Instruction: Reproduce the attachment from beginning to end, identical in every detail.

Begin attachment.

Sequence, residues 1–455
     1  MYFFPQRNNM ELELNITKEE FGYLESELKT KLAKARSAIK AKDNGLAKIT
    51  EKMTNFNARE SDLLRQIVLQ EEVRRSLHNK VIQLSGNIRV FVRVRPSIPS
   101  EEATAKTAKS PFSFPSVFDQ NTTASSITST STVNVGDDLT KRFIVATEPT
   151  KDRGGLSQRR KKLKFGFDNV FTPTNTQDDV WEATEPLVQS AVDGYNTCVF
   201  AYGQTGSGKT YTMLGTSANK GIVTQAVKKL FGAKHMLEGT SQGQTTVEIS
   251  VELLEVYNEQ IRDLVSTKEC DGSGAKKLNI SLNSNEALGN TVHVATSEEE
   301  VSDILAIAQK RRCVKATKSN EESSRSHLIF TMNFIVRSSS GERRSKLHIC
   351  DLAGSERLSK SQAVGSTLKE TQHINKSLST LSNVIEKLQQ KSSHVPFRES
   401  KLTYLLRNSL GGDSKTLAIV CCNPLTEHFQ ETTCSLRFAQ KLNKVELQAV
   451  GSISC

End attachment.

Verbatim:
Sequence, residues 1–455
     1  MYFFPQRNNM ELELNITKEE FGYLESELKT KLAKARSAIK AKDNGLAKIT
    51  EKMTNFNARE SDLLRQIVLQ EEVRRSLHNK VIQLSGNIRV FVRVRPSIPS
   101  EEATAKTAKS PFSFPSVFDQ NTTASSITST STVNVGDDLT KRFIVATEPT
   151  KDRGGLSQRR KKLKFGFDNV FTPTNTQDDV WEATEPLVQS AVDGYNTCVF
   201  AYGQTGSGKT YTMLGTSANK GIVTQAVKKL FGAKHMLEGT SQGQTTVEIS
   251  VELLEVYNEQ IRDLVSTKEC DGSGAKKLNI SLNSNEALGN TVHVATSEEE
   301  VSDILAIAQK RRCVKATKSN EESSRSHLIF TMNFIVRSSS GERRSKLHIC
   351  DLAGSERLSK SQAVGSTLKE TQHINKSLST LSNVIEKLQQ KSSHVPFRES
   401  KLTYLLRNSL GGDSKTLAIV CCNPLTEHFQ ETTCSLRFAQ KLNKVELQAV
   451  GSISC